Who's That Nurse?
Susan Guida, RN
Why did you become a nurse and how did you become involved with ID nursing?
Originally, I was a psychology major but found I was more interested in total health and holistic nursing. I also wanted to be able to learn new skills and obtain knowledge while working to make a difference in people’s lives.
I have been a nurse for 26 years and started working with Delta in December 2018; they have been so good to me. When I started, I knew very little about the field, but when I met the individuals, it was awesome and rewarding. I realized it was my passion to advocate for them. I also work part-time in substance abuse. There’s just a tremendous feeling about being a nurse and making a difference.
How have your experiences influenced your philosophies about nursing?
Early on in my nursing career, I had ideals like most new nurses such as using an all-inclusive approach, making a difference, seeking information, and being an advocate. Over time, my practice and treatment approach has evolved as I have realized the uniqueness of each individual and every situation. The most enjoyable part of my job is going out to the homes to see the individuals. A visit can include dancing and singing in addition to my nursing duties. This inspires me to be a better nurse.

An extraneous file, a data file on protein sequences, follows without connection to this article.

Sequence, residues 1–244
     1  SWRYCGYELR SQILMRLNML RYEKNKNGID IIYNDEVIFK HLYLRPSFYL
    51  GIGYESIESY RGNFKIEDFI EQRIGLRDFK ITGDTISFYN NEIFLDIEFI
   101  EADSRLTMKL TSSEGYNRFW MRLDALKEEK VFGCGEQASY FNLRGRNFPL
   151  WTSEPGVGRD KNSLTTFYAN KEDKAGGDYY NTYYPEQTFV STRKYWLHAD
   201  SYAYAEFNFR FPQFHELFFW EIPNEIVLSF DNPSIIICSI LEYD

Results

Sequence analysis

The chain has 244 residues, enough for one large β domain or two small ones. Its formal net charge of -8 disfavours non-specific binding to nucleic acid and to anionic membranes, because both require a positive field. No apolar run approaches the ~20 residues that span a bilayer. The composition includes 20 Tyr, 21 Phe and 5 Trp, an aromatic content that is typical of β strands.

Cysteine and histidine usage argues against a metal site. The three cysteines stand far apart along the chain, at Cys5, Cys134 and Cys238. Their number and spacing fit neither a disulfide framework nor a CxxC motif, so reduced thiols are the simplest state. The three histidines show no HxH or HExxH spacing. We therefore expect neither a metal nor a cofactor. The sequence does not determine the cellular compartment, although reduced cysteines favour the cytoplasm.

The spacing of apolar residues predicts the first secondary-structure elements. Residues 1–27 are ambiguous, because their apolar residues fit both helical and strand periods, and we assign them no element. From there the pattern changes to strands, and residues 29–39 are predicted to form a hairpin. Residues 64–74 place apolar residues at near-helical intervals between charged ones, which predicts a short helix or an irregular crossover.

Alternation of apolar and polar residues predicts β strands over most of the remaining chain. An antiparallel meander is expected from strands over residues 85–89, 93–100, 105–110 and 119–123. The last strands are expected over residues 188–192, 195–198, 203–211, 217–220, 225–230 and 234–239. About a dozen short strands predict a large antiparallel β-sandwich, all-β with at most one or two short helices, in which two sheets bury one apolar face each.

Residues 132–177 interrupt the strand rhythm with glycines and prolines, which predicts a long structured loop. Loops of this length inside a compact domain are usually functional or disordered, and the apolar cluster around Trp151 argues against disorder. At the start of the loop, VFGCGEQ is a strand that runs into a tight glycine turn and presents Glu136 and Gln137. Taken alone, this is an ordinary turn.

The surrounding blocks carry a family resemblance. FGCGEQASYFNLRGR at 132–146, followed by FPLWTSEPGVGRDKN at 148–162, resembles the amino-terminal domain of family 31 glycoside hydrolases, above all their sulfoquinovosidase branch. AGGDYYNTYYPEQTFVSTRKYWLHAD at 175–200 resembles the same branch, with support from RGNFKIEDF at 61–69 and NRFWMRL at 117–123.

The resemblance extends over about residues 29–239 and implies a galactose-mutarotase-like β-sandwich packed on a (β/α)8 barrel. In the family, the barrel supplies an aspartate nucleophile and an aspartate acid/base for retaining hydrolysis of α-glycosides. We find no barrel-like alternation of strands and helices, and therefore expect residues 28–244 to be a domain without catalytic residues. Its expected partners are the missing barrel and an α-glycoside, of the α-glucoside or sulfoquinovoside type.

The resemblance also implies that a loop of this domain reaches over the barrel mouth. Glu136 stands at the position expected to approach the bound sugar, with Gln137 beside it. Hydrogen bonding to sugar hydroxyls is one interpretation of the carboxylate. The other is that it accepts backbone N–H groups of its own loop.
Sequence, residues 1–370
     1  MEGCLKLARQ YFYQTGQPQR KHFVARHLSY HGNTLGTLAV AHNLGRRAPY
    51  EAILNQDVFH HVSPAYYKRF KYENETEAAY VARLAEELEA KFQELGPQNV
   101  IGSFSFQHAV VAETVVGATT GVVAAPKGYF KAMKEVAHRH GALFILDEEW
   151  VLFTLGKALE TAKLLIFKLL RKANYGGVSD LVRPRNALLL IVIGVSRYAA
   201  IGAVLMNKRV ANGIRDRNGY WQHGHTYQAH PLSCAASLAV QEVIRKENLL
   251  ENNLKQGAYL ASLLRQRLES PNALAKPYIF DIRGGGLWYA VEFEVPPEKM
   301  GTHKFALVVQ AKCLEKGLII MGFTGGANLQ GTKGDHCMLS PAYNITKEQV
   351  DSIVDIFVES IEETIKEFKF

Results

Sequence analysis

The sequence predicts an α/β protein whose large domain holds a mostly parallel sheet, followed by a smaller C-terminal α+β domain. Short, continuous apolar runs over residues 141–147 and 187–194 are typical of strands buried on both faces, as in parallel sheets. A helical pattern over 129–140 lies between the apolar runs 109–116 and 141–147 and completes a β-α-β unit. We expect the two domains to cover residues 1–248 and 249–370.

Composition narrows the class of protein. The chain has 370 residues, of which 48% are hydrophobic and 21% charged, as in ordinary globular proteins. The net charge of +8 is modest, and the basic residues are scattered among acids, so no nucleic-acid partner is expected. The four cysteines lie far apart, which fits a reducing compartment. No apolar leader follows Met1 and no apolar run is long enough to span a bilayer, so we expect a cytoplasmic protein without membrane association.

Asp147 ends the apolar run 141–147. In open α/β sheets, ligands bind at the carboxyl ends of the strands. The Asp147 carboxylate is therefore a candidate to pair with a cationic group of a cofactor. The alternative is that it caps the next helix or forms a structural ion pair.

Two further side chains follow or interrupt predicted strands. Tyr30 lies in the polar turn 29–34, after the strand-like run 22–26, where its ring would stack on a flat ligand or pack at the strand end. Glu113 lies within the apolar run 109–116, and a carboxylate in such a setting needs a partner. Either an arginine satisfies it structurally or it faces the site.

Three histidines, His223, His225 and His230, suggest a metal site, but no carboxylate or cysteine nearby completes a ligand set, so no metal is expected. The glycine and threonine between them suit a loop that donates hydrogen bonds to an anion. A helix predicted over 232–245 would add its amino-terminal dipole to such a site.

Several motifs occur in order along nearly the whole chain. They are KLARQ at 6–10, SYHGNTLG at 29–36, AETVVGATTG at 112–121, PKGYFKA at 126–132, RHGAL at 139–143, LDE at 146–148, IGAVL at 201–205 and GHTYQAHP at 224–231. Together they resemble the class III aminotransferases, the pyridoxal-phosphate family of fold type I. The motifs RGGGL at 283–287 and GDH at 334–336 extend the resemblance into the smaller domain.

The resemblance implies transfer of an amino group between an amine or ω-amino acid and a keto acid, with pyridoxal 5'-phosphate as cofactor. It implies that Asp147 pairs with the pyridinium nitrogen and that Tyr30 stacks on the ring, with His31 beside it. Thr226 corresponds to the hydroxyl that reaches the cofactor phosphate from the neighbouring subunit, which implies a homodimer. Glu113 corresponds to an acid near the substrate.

Have you had any specific challenges since the pandemic? Can you share any tips?
I am recovering from COVID-19 and will be returning to work soon. I was in the hospital with pneumonia for a couple of days and it was pretty rough for a while. Other challenges include changes in people’s daily lives. Individuals don’t understand the serious nature of the virus or why they can’t touch their face, must wash their hands frequently, or need to quarantine, etc. The old normal is so ingrained that it is hard to create a new normal. The goal for me has been to come up with creative ways to make sure the individuals are not exposed. Cleaning or washing can be made fun and engaging, not a chore. Make a game out of it. Keep spirits lifted. Things must be individualized: what is fun for one is not fun for another.
Do you have any tips for new ID nurses?
“Get to know your individual’s uniqueness and make sure you center your care on that.” Care plans have become cookie cutter but our care plans need to have a distinctive approach. Use passion to be the nurse you were born to be.